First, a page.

In 1968-1974 the International Socialists had indeed grown, and though still small it was as Jim Higgins wrote later “the significant fact about IS is in the early 1970’s is that it was qualitatively different from all the previous groups and sects, deriving from the FI, that this country has seen. It did have some penetration in the working class, it did have small but significant worker membership and it also had the resources in manpower and technical assets to mount worthwhile initiatives”.2 In this period there was an upsurge of working class organisation and struggle, it smashed the anti-union laws of the Tory government, freed the imprisoned Pentonville Dockers through a mass strike wave, in these conditions IS played its part and grew with the struggle. In 1975 the Labour Government was elected by a popular vote, it repealed the anti-union laws, brought in an array of progressive reforms – whilst on the other hand it set about austerity through the Social Contract of wage restraints. The movement did not simply retreat, trade union membership continued to grow for another five years to reach its peak in 1979 to 15 million. Nevertheless the capitalist counter-offensive was underway. The situation was changing and it was at this point when change was also demanded of IS to face this situation that the IS Opposition emerged in 1974 and fought at the September 1974 and May 1975 conferences, it continued its struggle inside IS until winter 1975.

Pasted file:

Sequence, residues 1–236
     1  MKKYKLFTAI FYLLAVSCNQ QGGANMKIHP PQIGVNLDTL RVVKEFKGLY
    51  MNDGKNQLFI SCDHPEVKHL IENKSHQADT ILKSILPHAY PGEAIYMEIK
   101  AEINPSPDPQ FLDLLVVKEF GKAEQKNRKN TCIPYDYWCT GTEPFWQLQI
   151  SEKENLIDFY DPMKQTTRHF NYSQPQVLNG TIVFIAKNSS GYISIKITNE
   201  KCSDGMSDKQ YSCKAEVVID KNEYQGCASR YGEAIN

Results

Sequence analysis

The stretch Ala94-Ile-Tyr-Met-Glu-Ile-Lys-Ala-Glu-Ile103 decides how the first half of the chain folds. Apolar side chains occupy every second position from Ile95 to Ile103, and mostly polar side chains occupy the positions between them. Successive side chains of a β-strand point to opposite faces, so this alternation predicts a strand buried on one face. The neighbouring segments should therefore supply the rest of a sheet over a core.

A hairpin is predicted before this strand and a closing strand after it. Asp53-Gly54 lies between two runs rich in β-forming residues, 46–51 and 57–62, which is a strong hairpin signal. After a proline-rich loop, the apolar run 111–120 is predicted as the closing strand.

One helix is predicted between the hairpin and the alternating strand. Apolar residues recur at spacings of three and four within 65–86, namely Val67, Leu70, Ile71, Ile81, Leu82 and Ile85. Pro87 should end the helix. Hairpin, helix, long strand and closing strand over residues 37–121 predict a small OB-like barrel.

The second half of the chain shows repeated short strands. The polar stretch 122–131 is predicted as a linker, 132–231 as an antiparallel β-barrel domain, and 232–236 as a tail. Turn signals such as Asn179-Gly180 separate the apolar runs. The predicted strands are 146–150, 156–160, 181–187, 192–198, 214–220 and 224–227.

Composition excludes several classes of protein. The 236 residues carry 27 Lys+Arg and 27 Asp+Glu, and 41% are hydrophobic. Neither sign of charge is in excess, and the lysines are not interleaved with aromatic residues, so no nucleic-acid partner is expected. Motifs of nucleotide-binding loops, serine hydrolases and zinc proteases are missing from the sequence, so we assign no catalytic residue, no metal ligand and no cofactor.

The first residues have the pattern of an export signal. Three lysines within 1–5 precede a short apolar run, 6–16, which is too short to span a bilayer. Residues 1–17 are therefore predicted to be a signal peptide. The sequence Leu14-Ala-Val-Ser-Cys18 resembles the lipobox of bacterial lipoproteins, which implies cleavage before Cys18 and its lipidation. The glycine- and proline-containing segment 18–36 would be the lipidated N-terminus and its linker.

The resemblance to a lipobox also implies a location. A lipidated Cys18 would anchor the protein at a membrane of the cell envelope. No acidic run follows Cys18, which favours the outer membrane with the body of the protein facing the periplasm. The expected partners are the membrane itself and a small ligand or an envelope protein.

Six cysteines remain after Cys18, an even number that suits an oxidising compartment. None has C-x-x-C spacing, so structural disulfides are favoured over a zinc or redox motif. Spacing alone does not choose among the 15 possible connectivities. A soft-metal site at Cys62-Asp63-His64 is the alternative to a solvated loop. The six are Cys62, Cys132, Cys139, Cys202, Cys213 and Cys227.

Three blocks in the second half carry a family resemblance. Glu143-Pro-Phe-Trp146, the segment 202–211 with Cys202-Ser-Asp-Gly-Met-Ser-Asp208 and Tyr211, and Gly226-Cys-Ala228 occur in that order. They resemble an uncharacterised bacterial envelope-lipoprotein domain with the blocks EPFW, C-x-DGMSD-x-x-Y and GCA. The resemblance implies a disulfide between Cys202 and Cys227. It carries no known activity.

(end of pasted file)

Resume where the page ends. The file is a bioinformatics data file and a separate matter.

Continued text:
The IS Opposition did not fail because it lost in a democratic vote as Ian Birchall has argued – the IS conference was gerrymandered. The IS constitution stated that the form of electing for conference delegates could only be changed by conference – instead the National Committee changed the system to ensure that the IS Opposition was grossly under-represented. This is also the period when the restriction was introduced that factions have a limited existence before a conference – a rule used for expelling IS Oppositionists.

One of the aspects of the IS Opposition view that speaks to today’s debate is the question of class, the necessity for developing working class composition, worker leaders, and of a “consistent working class orientation” as the former IS National Secretary Jim Higgins demanded. I recall well a heated argument amongst members of the old SWP Glasgow East Branch in 1987, where a member (now prominent in UCU) was being strongly advised not to spend too much time at the Caterpillar plant then under workers occupation, as it would only demoralise him. That such a view had come to pass is itself a yard stick of the retrogression from the days of the International Socialists. Ian Birchall the biographer of Tony Cliff in writing on the breakup of IS provides us with an insight to the thinking of the alternative to the IS Opposition, he writes:

“In retrospect therefore, I think Cliff’s faction in 1973–75 made many gross errors of tactics but that the basic political line was vindicated. Certainly there are elements of megalomania and obsession in Cliff, but I think that is probably inevitable in anyone who is going to build an organisation. I have seen Cliff lie and manipulate in a quite outrageous fashion on occasion but I have accepted it because I am totally convinced of his absolute revolutionary integrity.’3

Jim Higgins on reading this response concluded not only that it was “pathetic” but – “I think Cliff would be an inestimable asset, so long as he was not the hub of the revolutionary wheel. It was that I was trying to change and that the Birchall’s of this world were prepared to tolerate. It is rather like Frankenstein’s monster creating himself.”


1. The Soviet Union State Capitalist or Socialist? A Marxist Critique of the International Socialists, by David Purdy, CPGB, 1975, p.3.

2. Jim Higgins to Ted Crawford, 10th November 1989, unpublished letter.

3. Ian Birchall, letter to Ted Crawford, 5th November 1989, unpublished.

4. Jim Higgins to Ted Crawford,10th November 1989, unpublished letter.